How the Army Decided Which U.S. Troops Would Get to Go Home After V-E Day

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Earlier this week the United States and Europe marked the 72nd anniversary of V-E Day, Victory in Europe, with mostly low-keyed ceremonies and announcements. Today, a date that was of equal or even greater importance for GIs will probably slip by with even less notice. We are referring to May 12, R-Day, for redeployment and readjustment, the day when GIs in Europe and the Pacific Theater learned if they had accumulated enough points to be sent home.

R-Day was the result of nearly two years of planning by the War Department to develop the most equitable means of discharging troops from service. During this process, scientific polling methods were applied to obtain the opinions of representatives from each of the Army’s constituent groups. The response showed that the GIs agreed with Army Chief of Staff General George C. Marshall that discharge by units, such as divisions, as had been the case in the First World War, would be grossly unfair, since each unit had both short-and long-termers and the former would be released while the latter would wait in frustration.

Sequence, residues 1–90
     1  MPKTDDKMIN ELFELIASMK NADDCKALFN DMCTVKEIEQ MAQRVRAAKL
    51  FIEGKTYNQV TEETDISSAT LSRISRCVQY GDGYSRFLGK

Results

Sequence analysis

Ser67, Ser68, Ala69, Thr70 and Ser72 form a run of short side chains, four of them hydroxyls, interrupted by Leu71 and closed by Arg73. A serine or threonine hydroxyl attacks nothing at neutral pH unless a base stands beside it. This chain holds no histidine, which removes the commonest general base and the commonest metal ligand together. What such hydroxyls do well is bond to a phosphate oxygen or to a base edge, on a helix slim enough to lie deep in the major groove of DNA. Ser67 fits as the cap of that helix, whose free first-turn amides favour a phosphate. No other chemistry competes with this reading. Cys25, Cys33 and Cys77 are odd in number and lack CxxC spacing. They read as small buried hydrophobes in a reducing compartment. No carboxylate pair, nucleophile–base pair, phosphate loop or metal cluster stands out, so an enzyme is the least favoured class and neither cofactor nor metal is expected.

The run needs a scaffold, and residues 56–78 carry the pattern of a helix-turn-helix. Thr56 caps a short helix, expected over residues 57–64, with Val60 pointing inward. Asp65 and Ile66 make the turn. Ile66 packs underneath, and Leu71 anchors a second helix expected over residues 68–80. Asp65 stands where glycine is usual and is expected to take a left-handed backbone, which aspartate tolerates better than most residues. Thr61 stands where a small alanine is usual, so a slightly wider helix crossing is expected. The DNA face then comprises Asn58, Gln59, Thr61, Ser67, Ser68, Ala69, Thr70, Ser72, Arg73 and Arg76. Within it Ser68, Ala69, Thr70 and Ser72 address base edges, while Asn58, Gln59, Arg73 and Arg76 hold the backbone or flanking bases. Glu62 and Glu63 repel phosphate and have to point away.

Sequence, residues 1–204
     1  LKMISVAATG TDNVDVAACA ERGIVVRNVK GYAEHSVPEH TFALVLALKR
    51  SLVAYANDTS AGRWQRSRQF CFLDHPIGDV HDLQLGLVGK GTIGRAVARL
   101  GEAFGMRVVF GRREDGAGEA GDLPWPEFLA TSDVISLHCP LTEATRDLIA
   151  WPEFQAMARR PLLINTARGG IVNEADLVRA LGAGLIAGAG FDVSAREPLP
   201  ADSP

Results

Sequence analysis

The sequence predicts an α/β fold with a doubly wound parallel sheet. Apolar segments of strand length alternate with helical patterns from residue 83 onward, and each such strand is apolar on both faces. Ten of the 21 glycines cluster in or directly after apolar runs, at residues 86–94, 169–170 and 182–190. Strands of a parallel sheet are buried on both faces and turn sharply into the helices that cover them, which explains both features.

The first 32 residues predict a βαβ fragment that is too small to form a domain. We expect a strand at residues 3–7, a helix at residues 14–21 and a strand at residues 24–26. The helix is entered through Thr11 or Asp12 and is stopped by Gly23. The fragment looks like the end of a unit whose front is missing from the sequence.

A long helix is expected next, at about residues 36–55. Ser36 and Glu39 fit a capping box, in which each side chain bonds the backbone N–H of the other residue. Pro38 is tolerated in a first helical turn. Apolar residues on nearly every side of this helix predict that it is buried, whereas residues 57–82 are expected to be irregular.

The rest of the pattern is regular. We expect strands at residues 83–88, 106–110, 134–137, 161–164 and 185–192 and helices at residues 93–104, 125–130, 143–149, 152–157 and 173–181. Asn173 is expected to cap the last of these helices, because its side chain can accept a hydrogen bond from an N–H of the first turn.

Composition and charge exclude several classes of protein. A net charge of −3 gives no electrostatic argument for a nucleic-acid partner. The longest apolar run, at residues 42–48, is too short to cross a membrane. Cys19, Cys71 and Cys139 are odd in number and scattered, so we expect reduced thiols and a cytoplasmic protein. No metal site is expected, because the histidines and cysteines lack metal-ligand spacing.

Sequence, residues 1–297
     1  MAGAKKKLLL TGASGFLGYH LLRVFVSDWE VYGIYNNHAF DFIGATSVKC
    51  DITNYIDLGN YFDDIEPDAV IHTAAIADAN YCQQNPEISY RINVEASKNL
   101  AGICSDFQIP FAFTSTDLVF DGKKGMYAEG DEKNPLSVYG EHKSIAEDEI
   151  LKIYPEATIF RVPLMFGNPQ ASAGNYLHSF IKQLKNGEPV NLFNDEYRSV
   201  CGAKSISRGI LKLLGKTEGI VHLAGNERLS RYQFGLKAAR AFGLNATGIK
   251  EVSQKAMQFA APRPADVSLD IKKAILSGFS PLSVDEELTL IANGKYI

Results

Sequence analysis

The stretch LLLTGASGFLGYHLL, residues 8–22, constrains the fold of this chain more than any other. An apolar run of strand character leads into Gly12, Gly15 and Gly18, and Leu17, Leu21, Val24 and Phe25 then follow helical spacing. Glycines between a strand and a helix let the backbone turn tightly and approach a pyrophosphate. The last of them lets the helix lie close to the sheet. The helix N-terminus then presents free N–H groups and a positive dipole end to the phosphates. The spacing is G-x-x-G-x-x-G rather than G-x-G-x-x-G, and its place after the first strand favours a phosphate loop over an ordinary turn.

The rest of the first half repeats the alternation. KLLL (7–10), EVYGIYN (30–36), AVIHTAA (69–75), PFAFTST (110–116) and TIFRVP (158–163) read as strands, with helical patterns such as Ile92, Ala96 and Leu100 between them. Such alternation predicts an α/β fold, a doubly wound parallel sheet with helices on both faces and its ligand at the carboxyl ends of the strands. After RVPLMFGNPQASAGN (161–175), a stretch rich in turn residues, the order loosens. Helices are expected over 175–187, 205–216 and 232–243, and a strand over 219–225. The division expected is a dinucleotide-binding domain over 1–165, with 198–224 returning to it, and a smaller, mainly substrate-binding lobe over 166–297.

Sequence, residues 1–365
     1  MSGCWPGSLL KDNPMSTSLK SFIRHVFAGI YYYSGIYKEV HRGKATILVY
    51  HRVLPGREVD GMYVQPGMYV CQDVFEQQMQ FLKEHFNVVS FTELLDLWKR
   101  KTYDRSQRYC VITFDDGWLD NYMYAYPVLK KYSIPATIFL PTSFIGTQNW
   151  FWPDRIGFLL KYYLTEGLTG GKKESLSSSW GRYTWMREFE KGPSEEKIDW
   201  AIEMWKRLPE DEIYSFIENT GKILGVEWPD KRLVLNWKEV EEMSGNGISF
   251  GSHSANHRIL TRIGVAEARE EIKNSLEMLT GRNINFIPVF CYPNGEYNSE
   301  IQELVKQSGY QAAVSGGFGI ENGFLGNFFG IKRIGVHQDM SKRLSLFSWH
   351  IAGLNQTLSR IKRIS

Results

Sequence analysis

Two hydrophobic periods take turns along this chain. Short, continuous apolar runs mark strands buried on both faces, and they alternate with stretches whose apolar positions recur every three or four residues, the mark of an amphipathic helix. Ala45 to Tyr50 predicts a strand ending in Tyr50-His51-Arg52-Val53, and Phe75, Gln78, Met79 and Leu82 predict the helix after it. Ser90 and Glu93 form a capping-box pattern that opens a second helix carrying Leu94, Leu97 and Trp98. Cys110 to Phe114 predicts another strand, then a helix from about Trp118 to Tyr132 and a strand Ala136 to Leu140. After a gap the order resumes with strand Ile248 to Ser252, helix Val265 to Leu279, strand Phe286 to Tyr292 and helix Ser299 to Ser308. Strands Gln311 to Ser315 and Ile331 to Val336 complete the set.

Instead, the Army’s V-E Day demobilization formula would assign the soldier or airman points in various multiples for service rendered as of May 12, 1945. This total was known as the Adjusted Service Rating (ASR). Each month of service earned a point;

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